This chart was created with sixth graders. They were working on argument essays that had at least two distinct sides. When we made this chart students had planned their essays and were beginning to draft their introductions.
Introducing this chart:
I wrote the title on the chart and asked students what a counterclaim was. We spent a few minutes discussing the term and ended with the notion that this was the opposite side of the issue that the author was writing about. Then, I added each sticky note and discussed the sentence starters. I asked students to discuss which one they like best and why. Students generally begin to talk about why one is ‘better’ than the other. This can lead to discussions of tone, audience, formality, and purpose.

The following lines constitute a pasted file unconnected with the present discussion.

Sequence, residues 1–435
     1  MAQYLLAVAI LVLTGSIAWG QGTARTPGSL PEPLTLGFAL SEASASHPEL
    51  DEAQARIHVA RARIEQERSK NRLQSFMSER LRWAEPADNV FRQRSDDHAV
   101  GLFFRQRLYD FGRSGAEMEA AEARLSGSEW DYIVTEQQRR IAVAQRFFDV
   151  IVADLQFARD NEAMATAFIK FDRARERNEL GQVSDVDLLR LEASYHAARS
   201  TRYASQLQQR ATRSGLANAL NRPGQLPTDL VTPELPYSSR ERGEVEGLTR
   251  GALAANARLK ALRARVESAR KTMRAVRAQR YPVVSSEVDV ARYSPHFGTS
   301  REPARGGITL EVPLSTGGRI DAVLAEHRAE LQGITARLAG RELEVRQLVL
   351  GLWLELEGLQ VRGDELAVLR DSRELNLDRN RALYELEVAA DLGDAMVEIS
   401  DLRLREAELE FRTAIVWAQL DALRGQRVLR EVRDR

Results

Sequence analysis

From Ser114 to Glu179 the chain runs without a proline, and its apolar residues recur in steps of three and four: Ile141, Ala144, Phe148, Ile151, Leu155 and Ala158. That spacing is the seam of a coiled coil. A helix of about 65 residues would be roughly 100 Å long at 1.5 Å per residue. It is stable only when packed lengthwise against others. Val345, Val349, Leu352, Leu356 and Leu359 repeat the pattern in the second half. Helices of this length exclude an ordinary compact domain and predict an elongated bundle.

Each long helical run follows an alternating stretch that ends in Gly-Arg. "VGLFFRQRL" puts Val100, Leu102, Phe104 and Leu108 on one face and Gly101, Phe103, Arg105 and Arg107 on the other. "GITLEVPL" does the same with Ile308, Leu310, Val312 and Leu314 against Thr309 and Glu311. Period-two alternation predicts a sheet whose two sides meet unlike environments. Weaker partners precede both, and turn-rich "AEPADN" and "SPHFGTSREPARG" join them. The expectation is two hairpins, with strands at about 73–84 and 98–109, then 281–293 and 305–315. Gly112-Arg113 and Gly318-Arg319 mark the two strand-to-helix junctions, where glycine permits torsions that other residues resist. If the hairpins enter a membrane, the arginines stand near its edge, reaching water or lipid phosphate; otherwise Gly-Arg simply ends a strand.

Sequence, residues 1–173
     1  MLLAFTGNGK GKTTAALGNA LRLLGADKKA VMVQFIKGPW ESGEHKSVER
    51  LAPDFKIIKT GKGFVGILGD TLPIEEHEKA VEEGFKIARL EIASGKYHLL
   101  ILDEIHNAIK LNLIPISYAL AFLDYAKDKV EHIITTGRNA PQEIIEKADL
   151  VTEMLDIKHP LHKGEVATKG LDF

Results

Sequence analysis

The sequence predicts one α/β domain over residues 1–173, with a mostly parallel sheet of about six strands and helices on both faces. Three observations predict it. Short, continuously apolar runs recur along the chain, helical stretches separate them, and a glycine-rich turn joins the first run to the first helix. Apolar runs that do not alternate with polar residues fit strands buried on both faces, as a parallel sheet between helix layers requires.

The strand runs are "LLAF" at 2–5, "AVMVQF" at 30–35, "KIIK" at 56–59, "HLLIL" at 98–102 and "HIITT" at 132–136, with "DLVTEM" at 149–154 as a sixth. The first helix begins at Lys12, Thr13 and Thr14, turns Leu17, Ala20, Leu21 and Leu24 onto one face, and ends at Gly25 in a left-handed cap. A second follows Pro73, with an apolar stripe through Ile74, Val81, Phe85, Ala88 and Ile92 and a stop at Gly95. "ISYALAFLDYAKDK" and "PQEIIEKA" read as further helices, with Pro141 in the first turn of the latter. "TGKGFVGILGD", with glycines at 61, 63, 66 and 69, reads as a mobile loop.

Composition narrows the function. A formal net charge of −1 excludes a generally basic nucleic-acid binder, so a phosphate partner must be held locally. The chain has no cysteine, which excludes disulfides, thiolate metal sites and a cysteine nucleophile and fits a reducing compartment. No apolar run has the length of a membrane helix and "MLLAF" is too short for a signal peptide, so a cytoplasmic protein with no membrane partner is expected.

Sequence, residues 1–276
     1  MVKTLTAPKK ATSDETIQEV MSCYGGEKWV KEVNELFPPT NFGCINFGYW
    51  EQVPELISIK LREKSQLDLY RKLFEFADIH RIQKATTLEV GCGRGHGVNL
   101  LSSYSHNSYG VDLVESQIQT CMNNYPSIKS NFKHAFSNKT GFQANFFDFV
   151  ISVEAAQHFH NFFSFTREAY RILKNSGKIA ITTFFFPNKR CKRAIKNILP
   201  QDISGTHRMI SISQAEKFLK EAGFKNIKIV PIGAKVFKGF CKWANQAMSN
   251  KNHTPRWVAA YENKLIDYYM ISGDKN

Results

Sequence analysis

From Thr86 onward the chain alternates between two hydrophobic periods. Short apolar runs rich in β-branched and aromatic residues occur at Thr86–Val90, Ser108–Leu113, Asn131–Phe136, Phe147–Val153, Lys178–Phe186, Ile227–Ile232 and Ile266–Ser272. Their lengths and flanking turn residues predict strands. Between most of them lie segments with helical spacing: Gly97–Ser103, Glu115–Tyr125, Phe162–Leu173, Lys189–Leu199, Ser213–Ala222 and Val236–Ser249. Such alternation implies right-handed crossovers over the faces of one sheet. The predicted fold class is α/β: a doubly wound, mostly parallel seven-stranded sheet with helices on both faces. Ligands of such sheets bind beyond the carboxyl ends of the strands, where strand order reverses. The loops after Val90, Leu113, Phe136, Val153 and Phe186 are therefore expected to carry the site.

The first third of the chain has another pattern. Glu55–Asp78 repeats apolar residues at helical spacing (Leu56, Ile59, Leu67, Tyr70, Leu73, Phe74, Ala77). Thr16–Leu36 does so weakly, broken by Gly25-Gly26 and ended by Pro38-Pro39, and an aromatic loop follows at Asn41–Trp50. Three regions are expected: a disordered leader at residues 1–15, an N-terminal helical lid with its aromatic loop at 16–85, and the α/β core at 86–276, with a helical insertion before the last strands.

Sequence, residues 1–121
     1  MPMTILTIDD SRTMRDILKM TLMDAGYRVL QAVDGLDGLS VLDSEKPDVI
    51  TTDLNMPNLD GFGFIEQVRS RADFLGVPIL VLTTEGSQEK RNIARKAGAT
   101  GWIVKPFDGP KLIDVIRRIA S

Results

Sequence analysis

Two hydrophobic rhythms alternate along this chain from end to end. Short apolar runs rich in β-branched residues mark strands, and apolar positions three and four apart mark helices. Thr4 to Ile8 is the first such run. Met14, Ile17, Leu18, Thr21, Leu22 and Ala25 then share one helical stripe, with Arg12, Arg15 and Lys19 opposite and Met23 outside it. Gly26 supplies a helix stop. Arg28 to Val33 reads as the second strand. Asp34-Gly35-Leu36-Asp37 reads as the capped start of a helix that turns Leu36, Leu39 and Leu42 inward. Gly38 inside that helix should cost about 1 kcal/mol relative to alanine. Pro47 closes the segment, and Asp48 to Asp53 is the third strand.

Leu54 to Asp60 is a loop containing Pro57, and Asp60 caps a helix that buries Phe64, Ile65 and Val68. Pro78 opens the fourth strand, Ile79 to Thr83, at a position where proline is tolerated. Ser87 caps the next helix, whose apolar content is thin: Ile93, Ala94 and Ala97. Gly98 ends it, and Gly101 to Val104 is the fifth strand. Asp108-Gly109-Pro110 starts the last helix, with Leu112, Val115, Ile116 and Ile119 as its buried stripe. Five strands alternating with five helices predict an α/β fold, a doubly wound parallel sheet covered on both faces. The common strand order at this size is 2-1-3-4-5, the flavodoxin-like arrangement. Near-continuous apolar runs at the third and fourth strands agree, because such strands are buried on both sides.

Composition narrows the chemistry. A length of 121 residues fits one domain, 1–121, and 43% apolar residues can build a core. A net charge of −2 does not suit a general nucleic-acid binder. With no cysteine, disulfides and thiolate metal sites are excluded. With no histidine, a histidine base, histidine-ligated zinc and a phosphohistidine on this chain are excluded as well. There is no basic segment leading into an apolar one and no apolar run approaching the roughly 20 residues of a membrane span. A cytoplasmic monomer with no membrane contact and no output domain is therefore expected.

Counterclaims in Opinion and Argument Writing
There are multiple and varied opinions about the shift from opinion writing to argument writing after fifth grade. Many people see these as drastically different types of writing, while others treat them as synonymous terms. I tend to fall in the middle. Many of the same teaching points exist for both types. One of the clear differences that I see is the need to acknowledge counterclaims when writing arguments. Acknowledging the counterclaim is not exclusive to argument writing. Students who are writing opinions can use them to build a stronger paper as well. Note that this chart is simply about acknowledging a counterclaim, not developing it thoroughly or refuting every aspect. You may ask students to go further and outline counterpoints or simply acknowledge and refute the counterclaim.
This chart is featured in Chart Sense for Writing.